Similar in style to "The Death of Grass" (1956), "A Wrinkle In the Skin" (1965) reads like an after-the-bomb story without the radiation. In this book the collapse of civilization is quite literal.
Massive earthquakes have brought a sudden end to modern society. Towns and cities have been completely destroyed, the twisted landscape strewn with rubble and unburied corpses. Very few made it through the devastation alive. The disaster has left its survivors reduced to the level of scavengers, digging among the ruins for food, wary of strangers, fearful of desperate marauders.
Things are unstable in more ways than one. While earth tremors continue to shake the survivors, recent events have unhinged those who once lived normal lives in a world of law and order. Madness and violence are widespread. And these are only the early days of the aftermath. Nevertheless, a trace of decent behaviour still remains in some people. Against the rising tide of barbarism, they're determined to live and gain some form of security that will enable them to start again.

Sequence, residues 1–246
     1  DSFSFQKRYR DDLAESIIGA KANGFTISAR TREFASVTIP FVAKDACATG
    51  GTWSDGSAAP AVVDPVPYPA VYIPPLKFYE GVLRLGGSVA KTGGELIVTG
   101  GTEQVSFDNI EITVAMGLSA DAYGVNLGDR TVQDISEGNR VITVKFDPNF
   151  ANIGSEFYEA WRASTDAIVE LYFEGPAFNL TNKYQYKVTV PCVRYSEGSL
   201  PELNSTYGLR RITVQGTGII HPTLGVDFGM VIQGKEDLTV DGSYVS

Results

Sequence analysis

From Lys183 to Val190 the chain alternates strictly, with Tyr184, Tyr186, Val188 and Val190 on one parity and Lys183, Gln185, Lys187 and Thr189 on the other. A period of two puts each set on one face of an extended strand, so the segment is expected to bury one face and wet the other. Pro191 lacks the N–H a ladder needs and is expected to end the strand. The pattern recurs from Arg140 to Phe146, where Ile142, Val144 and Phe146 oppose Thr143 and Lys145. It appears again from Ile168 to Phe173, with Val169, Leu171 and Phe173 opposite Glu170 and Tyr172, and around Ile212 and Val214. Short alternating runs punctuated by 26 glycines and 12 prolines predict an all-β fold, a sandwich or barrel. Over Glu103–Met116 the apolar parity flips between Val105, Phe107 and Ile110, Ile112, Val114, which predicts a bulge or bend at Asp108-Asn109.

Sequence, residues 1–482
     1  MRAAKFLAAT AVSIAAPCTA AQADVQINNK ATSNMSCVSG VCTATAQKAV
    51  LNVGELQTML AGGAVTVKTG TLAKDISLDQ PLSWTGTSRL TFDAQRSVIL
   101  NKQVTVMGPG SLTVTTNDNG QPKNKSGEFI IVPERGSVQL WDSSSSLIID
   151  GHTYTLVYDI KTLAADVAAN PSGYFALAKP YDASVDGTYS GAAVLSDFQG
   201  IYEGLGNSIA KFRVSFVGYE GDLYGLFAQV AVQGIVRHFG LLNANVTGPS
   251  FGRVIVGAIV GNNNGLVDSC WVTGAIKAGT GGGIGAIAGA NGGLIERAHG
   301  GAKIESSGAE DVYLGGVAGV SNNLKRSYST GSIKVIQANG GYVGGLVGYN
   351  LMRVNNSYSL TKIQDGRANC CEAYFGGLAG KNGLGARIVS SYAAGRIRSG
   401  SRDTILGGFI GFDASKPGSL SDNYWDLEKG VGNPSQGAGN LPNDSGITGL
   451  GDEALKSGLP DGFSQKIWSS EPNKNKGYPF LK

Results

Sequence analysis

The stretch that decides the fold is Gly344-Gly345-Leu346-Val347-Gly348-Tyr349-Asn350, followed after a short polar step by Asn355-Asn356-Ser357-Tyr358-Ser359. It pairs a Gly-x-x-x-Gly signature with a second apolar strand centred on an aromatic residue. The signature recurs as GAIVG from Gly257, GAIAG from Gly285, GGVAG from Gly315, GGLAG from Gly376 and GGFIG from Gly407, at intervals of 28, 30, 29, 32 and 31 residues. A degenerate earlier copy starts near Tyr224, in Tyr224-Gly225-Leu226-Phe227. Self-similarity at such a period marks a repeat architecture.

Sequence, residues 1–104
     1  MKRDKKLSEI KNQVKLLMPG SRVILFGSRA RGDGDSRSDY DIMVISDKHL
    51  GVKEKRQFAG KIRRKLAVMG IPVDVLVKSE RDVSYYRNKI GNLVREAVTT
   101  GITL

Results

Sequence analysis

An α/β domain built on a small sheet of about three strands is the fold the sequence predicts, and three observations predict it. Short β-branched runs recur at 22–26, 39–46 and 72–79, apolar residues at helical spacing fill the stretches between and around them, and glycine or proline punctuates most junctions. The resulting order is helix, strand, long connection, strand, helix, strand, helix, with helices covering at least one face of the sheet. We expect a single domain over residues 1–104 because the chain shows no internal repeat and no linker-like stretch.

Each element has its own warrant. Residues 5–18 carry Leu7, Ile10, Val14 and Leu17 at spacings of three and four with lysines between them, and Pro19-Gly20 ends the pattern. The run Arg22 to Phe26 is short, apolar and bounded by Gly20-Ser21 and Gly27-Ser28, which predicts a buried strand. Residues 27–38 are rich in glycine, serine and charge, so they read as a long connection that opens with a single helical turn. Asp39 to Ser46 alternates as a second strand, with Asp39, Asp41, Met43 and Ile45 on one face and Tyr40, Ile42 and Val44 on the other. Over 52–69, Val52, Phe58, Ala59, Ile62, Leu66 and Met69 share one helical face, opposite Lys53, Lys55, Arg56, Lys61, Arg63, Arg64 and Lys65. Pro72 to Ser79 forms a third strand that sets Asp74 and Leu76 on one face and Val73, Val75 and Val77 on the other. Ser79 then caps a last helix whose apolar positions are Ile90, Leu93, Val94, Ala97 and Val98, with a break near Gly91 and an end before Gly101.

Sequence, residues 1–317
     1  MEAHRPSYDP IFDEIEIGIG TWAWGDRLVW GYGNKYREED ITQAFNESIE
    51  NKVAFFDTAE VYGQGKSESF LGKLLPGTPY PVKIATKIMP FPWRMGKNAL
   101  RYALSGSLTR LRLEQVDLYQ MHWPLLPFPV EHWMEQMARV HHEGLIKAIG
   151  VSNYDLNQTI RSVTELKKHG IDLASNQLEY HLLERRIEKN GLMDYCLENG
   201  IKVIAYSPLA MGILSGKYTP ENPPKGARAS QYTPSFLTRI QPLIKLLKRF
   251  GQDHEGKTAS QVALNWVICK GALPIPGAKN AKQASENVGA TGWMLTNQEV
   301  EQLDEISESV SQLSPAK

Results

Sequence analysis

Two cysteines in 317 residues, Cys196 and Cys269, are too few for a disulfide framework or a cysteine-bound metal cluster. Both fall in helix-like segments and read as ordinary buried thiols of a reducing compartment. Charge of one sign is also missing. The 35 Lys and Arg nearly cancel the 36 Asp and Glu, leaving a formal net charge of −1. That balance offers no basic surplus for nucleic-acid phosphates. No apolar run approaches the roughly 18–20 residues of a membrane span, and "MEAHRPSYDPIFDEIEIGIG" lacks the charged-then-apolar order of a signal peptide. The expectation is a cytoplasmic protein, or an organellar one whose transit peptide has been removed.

Among all this horror, Matthew Cotter is trying to find his daughter Jane. As one would expect, it's a grim journey by foot across a ravaged land.
It's tempting to think of "A Wrinkle In the Skin" as a prequel to "The Prince in Waiting Trilogy". (In that story England is medievalised once more due to the destruction of civilization through earthquakes.) We can guess that life will be more primitive and harsh after "A Wrinkle In the Skin" finishes. Descendents of the survivors will inherit legends of former glory; the so-called "lost civilization" with its mysteries and wonders. Only time will tell whether future generations will rediscover all that was destroyed.